In this scenario we are receiving various source files per email each day, but we first want to retrieve attachments from emails with a specific subject and store those in a separate blob storage container. For other email subjects we can add more conditions and save all those files in there own blob storage containers. That's why we are looping through the inbox (or another Outlook folder) and filter per subject. Add a new step and choose Add a condition to filter on a specific source file. Now automatically the for each will appear, because we are receiving multiple emails in the previous step. Give the condition a suitable name, because you have to add more conditions to separate the different source files (we only show one condition in this post).

Logic Apps Designer - Add condition

5) Store data in blobs
Now that we have filtered the emails per subject, we must store the attachment (which contains the data) itself. Add an action on the 'if true' side and choose "Azure Blob Storage". Inside this category, choose Azure Blob Storage - Create blob. The first time that you use this action, you need to create a connection. Choose the storage account and give the connection a suitable name. Now you can setup this action by defining the Folder path, Blob name and Blob content. As said earlier, we are retrieving new source files every day. That's why the blob name will contain the day of load. This is the expression:
formatDatetime(utcNow(),'yyyy'), '-', formatDatetime(utcNow(),'MM'), '-',

Logic Apps Designer - Create blob

There is no separate action to create a new folder in the Blob Storage container, but it will be created automatically when you save the first file in the container.

6) Send email when succeeded
Every time the data is stored into a new blob, we will confirm this by sending an email. In this case, we will send the email to the same account as step 2 (Get Emails). You can of course send it to developers or administrators in your organization as well. In that case you must create a new connection by clicking change connection, because now this action will automatically use the same Office 365 connection as before. Insert a new step and select "Office 365 Outlook" and choose the action Office 365 Outlook - Send an email. We create the following Body:

Dear User,

The run of DWH01_Sales has completed successfully for March 31, 2018.

Kind regards,
Azure Logic Apps

Therefore we need to use the following expression:
concat('The run of DWH01_Sales has completed successfully for '
, formatDatetime(utcNow(),'MMMMM'), ' ', formatDatetime(utcNow(),'dd'), ', '
, formatDatetime(utcNow(),'yyyy'), '.')

Fill in the Subject and select "To" to send the email To the account used in the Office 365 connection.
Logic Apps Designer - Send email

7) Mark email as read
After we have sent the succeed email, we want to mark the processed emails (Daily Schedule) as read. Insert a new step and select "Office 365 Outlook" and choose the action Office 365 Outlook - Mark as read. Click on Message Id  and choose "Message Id", based on step 2 (Get Emails). You have to click on "See more" to make it appear in the list.

Logic Apps Designer - Mark as read

8) Move email to archive
Finally, we will move the emails to an archive folder. We created separate mail folders in Outlook for each subject/source file. Insert a new step and select "Office 365 Outlook" and choose the action Office 365 Outlook - Send an email. Choose the Message Id  and select the specific sub Folder in archive.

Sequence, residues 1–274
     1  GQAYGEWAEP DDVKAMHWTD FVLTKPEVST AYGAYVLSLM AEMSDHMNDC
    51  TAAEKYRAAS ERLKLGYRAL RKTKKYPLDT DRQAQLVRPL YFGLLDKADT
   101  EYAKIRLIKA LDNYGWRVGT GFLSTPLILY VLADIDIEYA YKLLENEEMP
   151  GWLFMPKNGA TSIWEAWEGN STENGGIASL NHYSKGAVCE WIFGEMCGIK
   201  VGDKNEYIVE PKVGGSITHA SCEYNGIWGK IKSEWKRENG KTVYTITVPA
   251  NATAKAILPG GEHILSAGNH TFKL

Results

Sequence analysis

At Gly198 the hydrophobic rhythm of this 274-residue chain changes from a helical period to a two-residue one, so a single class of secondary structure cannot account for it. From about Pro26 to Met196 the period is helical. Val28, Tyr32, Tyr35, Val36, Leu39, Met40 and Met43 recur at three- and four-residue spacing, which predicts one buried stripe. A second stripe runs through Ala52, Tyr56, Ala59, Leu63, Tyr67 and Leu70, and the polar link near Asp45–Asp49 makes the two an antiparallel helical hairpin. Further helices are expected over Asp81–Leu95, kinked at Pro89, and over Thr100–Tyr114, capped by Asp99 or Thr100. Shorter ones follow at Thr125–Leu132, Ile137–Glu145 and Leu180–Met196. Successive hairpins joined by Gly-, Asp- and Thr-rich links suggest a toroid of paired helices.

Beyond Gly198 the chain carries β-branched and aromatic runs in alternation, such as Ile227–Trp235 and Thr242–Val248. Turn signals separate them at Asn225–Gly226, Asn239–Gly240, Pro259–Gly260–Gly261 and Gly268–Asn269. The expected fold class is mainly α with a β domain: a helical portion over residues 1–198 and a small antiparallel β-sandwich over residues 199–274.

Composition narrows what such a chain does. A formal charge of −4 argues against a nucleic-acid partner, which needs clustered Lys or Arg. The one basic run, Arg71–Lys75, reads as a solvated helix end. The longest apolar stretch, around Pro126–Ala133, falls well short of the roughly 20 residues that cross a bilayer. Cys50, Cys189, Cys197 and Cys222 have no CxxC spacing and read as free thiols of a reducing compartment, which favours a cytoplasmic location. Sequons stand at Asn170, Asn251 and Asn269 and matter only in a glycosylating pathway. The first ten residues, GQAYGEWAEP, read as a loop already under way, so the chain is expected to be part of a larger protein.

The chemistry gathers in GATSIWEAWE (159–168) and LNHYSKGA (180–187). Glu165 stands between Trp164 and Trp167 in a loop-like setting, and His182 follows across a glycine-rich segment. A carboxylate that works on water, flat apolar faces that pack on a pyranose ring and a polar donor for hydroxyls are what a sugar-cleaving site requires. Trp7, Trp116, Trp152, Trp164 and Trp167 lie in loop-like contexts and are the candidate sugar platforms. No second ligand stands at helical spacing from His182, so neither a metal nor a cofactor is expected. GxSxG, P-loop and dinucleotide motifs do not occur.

Logic Apps Designer - Move email

Now let's see if it all works. Make sure you have sent the email "DWH01_Sales DAILY SCHEDULE" and it is unread. Click in the Logic Apps Designer on Run. Now wait for the succeeded works!

Result - Received succeeded email

The source file is also stored into a new blob. See below the result in Azure Storage Explorer.

Result - File stored as new blob

In this post we showed you how to build a Logic App to ingest email attachments as source files. All without programming skills and easily to maintain easily as part from an ETL process.

Click here to see how to execute this Logic App with Azure Data Factory V2 as part of an DWH solution in Azure.

This is why we started the Logic App with an HTTP trigger that can be called from other applications. If you do not want to integrate the Logic App and use it as a separate solution, then you should start with a different trigger. For example a Recurrence trigger or When a new email arrives

Thursday, 1 March 2018

Add email notification in Azure Data Factory V2

I am running SSIS packages in Azure Data Factory (ADF V2), but I want to get an email notification when my package execution fails. It seems that ADF V2 doesn't have a built-in email notification option. How can I be notified without checking the built-in pipeline monitor in ADF?
Email notification on failure

For this solution we will be using a Logic App to send an email and trigger it, if an error occurs in ADF. The starting point of this blog post is a working pipeline that executes an SSIS package using a stored procedure.
Data Factory loves Logic App

So, the solution exists of two parts: Logic App (email) and ADF (error handling). The communication between these two Azure parts is done with a JSON message via an HTTP request (post). The JSON message contains the name of the Data Factory and the pipeline that failed, an error message and an email address. You could of course hardcode the email address in Logic Apps, but now you can reuse the Logic App for various pipelines or data factories and notify different people.
    "properties": {
        "DataFactoryName": {
            "type": "string"
        "PipelineName": {
            "type": "string"
        "ErrorMessage": {
            "type": "string"
        "EmailTo": {
            "type": "string"
    "type": "object"

a) Logic App
We first start with creating the Logic App. We need it before creating the error handler in ADF.

a1) Create new Logic App